Movement in the House and Senate on revising U.S. immigration law belies a long-running rift between business and labor that could derail the bill.

After four years of negotiations, a bipartisan group of House members who struck a deal on a broader immigration bill last week have given up on finding a compromise over how many temporary workers to allow into the U.S.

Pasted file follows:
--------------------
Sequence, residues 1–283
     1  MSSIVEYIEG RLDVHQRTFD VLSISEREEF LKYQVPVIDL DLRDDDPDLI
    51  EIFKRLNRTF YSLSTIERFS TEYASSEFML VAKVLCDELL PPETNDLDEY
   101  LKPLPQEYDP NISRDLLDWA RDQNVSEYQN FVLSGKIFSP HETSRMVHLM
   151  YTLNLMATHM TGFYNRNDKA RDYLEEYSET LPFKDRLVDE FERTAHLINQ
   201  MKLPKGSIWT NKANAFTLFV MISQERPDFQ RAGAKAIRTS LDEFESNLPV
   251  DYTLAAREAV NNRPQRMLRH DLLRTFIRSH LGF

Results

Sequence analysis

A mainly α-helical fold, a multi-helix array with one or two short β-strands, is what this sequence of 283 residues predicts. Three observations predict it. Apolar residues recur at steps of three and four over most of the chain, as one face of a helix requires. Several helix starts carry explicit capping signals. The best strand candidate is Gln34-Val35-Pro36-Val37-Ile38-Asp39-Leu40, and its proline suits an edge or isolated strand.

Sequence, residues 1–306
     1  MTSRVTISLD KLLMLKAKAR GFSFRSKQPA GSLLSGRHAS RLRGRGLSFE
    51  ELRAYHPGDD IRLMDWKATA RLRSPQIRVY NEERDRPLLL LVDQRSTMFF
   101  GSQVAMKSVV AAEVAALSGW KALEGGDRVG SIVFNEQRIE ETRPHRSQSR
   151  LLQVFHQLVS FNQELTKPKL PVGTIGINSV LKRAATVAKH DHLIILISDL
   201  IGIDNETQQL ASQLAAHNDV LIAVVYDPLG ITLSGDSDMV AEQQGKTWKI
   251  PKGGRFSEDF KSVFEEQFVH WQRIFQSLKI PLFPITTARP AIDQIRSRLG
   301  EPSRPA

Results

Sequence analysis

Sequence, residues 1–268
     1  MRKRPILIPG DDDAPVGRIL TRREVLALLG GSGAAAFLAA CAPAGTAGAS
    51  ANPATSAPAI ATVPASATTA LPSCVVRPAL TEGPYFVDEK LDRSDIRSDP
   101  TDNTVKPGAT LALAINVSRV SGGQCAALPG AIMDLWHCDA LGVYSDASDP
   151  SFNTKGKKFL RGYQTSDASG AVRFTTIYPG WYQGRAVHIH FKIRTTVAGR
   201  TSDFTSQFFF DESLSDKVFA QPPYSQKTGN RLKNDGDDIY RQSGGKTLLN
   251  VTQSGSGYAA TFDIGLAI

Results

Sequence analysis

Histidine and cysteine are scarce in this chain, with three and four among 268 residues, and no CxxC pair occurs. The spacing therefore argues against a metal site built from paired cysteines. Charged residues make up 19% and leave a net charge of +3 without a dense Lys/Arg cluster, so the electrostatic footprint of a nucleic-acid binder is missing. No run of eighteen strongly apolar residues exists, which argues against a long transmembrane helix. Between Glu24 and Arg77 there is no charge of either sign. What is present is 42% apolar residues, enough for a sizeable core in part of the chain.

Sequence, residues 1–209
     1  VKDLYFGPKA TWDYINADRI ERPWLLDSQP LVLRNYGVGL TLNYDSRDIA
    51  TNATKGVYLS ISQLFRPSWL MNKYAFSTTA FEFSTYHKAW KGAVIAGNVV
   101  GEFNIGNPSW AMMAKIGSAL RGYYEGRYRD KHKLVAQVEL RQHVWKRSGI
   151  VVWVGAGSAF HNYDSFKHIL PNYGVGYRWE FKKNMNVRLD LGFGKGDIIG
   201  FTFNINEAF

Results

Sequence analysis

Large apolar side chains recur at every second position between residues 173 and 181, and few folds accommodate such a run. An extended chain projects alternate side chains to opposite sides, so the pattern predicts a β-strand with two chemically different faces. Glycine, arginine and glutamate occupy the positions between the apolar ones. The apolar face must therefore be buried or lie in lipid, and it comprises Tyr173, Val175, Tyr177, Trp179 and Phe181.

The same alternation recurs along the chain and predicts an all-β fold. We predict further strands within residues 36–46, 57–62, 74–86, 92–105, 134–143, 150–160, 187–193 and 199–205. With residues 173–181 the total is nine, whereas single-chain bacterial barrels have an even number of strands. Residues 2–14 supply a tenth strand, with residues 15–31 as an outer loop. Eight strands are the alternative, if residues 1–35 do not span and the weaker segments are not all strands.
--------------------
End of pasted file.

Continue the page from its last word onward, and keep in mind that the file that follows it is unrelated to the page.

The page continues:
As another bipartisan measure advances in the Senate, a series of amendments backed by technology and construction companies and opposed by the AFL-CIO labor federation risk upsetting a delicate balance.